How President Trump’s shutdown is hurting New Mexicans

Martin Heinrich
4 min readJan 14, 2019


New Mexicans are paying the price for the longest government shutdown in American history because President Trump refuses to stop holding our federal workers and basic government services hostage to his political gamesmanship.

Since the shutdown began, I have heard from many New Mexicans about the harm it has caused them and their families. I spoke on the Senate Floor last week about some of these stories.

I am doing everything within my power to urge the president to end the shutdown without delay. These New Mexicans, and all Americans, deserve so much better than this.

U.S. Senator Martin Heinrich (D-N.M.) speaks on the Senate Floor to highlight the damaging impact the Trump Shutdown is having on communities across New Mexico and to call on the president and Senate Republicans to reopen the government immediately. January 8, 2019.

I wanted to share a few more stories from New Mexicans who have been impacted.

Please read and share some of their stories below, and tell me your shutdown story here or by sharing a short video or photo on Facebook, Twitter, or Instagram using the hashtag #ShutdownStories

Rich, Albuquerque

Rich is a retired Federal Air Traffic Controller who now teaches current air traffic controllers in Albuquerque. Air traffic controllers, and all airport safety officials, are being forced to work without pay during the shutdown. Rich told me he is worried that if the shutdown continues he will stop receiving his retirement checks and be forced to dip into his savings.


“The President is hurting our nation and our economy with this shutdown. My fellow air traffic controllers are already working 6 days a week, as they have for the past several years, and now they don’t know if they will be paid. Our federal community is taking the brunt of President Trump’s temper tantrum.”

Samuel, Santa Fe

Samuel is a federal employee working at the Bureau of Land Management (BLM). He has been furloughed during the shutdown and has been forced to search for unemployment and food stamps to stay afloat financially.


“For the first time in my life, I’m filing for unemployment insurance and receiving food stamps just to make ends meet. This unnecessary and uncivil shutdown has caused me undue stress and uncertainty that will continue into the foreseeable future.”

Robert, Rio Rancho

Robert works as a therapist for mental health and substance abuse in Native communities. He wrote to me and sent me a video about how the shutdown is impacting New Mexico’s tribes and pueblos and how lack of funding will leave these communities without critical services.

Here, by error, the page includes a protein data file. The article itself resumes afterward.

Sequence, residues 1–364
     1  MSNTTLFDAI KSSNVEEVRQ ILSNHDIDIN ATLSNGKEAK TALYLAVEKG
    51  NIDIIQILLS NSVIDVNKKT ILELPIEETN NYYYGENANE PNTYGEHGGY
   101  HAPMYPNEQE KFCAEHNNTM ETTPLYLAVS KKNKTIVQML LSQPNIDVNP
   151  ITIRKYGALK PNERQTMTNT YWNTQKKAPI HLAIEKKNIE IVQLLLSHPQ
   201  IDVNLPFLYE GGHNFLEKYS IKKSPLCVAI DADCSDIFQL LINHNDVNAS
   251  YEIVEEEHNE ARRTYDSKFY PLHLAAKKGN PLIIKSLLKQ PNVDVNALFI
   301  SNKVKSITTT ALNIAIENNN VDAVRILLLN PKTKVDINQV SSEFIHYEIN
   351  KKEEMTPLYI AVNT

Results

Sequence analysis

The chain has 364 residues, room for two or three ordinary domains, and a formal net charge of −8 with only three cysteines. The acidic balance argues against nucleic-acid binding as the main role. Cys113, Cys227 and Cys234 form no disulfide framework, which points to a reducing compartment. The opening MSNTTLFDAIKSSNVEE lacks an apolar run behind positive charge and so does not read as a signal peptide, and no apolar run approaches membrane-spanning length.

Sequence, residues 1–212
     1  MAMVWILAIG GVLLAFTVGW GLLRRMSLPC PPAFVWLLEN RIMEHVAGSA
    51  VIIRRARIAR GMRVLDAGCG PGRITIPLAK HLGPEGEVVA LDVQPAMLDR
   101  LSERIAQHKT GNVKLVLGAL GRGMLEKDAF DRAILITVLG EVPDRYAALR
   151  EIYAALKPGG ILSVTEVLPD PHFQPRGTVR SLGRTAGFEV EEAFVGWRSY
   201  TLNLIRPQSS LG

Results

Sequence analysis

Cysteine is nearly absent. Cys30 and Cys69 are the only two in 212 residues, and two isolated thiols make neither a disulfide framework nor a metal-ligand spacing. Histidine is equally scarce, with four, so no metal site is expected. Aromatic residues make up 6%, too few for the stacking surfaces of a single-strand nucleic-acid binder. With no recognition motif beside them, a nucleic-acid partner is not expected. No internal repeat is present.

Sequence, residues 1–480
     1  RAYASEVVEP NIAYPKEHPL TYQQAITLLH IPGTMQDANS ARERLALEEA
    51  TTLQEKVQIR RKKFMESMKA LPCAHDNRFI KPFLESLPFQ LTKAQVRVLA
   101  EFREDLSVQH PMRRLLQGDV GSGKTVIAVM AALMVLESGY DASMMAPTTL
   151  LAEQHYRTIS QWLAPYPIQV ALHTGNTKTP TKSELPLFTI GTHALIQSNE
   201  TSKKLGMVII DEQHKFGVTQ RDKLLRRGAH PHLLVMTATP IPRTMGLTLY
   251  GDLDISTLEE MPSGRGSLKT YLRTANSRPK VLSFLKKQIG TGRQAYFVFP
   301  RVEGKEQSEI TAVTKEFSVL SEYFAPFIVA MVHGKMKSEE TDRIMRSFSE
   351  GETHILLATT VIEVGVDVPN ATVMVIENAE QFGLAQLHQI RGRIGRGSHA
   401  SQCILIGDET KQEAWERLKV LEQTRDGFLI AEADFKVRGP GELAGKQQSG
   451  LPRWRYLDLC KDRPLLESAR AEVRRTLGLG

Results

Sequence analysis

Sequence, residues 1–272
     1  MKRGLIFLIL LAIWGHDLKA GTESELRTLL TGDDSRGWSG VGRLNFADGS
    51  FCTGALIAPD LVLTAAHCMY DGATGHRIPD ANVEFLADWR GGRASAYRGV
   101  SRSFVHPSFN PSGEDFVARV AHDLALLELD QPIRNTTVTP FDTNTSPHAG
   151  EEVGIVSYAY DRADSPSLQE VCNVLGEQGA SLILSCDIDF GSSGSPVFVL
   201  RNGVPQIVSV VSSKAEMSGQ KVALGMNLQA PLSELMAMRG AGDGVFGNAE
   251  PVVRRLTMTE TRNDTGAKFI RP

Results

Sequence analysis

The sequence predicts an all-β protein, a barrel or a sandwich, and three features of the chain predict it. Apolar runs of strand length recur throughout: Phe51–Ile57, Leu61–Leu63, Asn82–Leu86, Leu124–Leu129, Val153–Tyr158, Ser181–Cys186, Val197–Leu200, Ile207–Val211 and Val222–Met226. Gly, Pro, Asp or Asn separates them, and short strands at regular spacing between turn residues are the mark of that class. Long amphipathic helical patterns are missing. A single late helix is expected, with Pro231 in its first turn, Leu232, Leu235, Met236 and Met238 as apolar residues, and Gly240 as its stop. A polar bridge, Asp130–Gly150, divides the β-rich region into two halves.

“As of today, tribal communities start losing services that include emergency medical services, firefighting departments, police departments, medical services, Head Start programs, WIC programs for early infancy, elderly service programs — they start shutting down today.”

Adrielle, Farmington

Adrielle is an administrator for a home visiting program in northwestern New Mexico. The families she serves depend on federal assistance such as food stamps to make ends meet. She is worried about how these families will cope if those programs are threatened by a prolonged shutdown.

“The families that we serve, unfortunately, have to stretch out their finances even more to ensure that them and their children will not go hungry or without any daily needs.”

Danielle, Albuquerque

As a woman with disabilities, Danielle is scared that a prolonged shutdown may threaten her low-income housing subsidy and her food stamps.


“Trump’s shutdown has made my life as a disabled woman living with Multiple Sclerosis very challenging. This situation makes me feel very insecure.”

Mel, Albuquerque

Mel is a federal employee in Albuquerque, New Mexico who is currently working without pay. He’s worried about being able to pay his bills if the shutdown continues.


“My savings will be exhausted by the first of February. I will be unable to pay my rent or any of my bills. I’m not even sure how I will put gas in my car to continue coming to work.”